Benefits of language training: reasons to add Portuguese, French, and Italian to training programseditor
As we’ve seen in previous posts, English is the language that is established in the scientific, technological, industrial, and business worlds. Companies that aspire to maintain their competitiveness value bilingual talent and go for training programs so that team members strengthen their competence in English.
One of the main reasons is related to a team’s communication skills in a globalized environment. Work teams need to be prepared to participate in a dynamic and competitive world in which the possibility of communicating effectively gives them the edge against their competitors.
Breaking cultural barriers
But even when English is a kind of modern Esperanto, now we’ll cover the advantages that it represents for an organization to commit to training programs in other languages.
Although English appears to be the common ground in which we can communicate as world citizens, when relationships with businesses or foreign clients are sought to be established, or when it is time to close a deal, knowing the native language of the speaker is a plus. Moreover, language is the door to knowledge of other cultures, which is also fundamental to relating with people and organizations of other countries. They are the so-called “multicultural rivalries,” and they also represent added value to task forces which include–perhaps especially include–those who carry out management and leadership roles.
The cognitive benefits of being multilingual
What does it mean to be multilingual? There are many different opinions. Among them we recognize the one that François Grosjean proposes, which says that “people who are multilingual use two or more languages in their daily life.”
In a globalized world in which task forces from important organizations travel around, being multilingual is more than just a privilege. It is a real necessity.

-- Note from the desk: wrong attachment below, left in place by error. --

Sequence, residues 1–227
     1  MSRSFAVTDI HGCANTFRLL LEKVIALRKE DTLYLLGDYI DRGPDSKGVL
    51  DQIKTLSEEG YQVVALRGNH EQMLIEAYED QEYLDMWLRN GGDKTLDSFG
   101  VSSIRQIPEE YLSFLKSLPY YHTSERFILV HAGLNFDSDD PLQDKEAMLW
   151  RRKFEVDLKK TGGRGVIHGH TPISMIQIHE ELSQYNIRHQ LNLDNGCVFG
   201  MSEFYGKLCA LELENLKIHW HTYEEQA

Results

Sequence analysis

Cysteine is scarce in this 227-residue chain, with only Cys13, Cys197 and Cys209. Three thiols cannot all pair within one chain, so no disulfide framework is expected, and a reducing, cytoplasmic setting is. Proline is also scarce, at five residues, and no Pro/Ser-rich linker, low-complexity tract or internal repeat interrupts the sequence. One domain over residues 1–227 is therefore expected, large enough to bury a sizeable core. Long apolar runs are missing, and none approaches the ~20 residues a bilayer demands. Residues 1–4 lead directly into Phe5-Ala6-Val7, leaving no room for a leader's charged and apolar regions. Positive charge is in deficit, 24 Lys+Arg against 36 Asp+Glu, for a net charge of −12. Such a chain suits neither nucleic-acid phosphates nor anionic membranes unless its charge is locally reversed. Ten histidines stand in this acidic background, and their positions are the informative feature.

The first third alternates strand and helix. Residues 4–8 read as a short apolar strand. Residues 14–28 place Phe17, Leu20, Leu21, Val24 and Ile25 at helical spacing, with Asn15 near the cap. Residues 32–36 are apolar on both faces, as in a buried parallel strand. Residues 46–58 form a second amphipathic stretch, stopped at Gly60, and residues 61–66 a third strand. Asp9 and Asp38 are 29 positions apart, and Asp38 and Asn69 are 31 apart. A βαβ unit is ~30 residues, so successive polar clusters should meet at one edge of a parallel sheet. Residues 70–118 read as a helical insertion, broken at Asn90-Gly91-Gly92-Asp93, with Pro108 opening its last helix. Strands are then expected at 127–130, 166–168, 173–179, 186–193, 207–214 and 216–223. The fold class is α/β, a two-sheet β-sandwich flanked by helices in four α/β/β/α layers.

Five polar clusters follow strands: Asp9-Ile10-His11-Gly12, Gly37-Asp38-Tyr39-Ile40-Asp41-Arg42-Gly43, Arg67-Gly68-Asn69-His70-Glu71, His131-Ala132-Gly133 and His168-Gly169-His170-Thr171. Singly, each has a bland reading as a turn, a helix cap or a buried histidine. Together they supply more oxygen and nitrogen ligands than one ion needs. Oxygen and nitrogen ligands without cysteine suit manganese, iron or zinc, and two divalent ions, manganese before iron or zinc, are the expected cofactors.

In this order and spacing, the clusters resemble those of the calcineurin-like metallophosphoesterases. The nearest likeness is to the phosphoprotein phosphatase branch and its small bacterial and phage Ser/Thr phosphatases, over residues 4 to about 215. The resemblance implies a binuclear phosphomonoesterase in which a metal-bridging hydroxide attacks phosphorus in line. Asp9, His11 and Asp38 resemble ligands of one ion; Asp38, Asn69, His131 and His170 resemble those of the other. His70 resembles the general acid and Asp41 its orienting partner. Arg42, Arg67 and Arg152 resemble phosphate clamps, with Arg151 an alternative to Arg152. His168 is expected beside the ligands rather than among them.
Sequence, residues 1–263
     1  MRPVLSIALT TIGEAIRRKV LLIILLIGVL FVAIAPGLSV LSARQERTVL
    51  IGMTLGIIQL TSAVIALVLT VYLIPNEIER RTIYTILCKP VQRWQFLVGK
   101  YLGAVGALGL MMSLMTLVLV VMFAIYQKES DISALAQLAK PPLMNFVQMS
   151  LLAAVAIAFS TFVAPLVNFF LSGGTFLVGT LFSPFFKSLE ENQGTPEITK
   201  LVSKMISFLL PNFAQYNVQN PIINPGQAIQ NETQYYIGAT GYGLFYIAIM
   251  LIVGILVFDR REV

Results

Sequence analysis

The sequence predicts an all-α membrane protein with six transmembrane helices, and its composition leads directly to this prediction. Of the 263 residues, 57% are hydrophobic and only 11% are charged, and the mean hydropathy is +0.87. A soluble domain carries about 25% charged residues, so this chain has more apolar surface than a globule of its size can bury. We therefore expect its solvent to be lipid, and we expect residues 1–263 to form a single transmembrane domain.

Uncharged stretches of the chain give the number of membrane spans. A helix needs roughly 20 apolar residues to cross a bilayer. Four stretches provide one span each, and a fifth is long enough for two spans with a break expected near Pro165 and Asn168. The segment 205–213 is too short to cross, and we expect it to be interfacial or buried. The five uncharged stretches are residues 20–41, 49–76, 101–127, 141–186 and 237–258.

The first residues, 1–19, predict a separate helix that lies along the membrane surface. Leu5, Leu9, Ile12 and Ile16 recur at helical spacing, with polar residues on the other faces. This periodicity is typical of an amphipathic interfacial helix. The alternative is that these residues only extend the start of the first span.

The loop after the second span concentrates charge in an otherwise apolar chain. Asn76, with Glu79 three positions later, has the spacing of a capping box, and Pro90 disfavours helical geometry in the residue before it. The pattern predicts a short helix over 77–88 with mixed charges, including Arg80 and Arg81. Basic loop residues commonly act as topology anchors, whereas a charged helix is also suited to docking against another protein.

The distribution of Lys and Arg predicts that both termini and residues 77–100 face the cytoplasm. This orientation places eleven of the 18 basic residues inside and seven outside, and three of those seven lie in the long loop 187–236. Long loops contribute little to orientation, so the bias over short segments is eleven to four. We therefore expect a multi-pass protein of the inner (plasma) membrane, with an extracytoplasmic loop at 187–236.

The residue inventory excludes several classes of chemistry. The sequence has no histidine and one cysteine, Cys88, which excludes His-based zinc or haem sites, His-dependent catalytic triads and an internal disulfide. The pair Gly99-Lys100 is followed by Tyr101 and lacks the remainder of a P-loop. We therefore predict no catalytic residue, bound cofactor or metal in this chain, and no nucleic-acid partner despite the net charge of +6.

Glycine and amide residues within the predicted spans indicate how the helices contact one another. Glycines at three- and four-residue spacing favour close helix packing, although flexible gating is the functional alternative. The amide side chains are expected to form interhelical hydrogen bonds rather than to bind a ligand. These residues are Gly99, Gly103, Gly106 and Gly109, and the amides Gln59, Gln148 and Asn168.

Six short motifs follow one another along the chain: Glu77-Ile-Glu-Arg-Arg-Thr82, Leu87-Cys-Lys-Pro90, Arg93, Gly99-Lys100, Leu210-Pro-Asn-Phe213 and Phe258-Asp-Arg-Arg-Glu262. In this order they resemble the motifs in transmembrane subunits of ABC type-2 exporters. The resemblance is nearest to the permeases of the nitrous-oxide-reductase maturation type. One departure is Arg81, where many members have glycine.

Those who speak and frequently use several languages develop cognitive skills that are different from their peers: their creativity is enhanced, their selective attention is increased, and they develop greater memory capacity. This is because they permanently find themselves comparing, categorizing, and organizing words, displaying knowledge of the language that impacts numerous other relevant abilities for any practical or intellectual activity.
A multicultural world
The phenomenon of globalization does tend to homogenize cultural variables like language and consumption habits, but on the other hand, efforts are increased to preserve the multiculturalism as a collective good. For this reason, in the main economic centers of the world, like the European Union for instance, the incorporation of other second languages aside from English is encouraged.
In this way, the demand for French, Portuguese, Italian, and other language training programs has increased at a global level for business teams.
The need for proficiency in Portuguese is evident if the regional context is investigated. On the other hand, together with French and Italian, their global importance can be recognized not just by their relevance in the European Union, but they are also official languages in many other countries as a product of historical progress.
In light of all of this we must not forget that these languages form the DNA of Western culture, which is why proficiency in these languages shows us the possibility of reinforcing multicultural identities but also favoring connection between cultures while valuing diversity.
What languages do your team members know aside from their native language? What countries and cultures do you work with daily? Where are the clients and organizations from with which you are planning to connect?
It’s time to incorporate language training that includes Portuguese, French, and Italian aside from basic English. It’s time to break cultural barriers and expand horizons for your organization.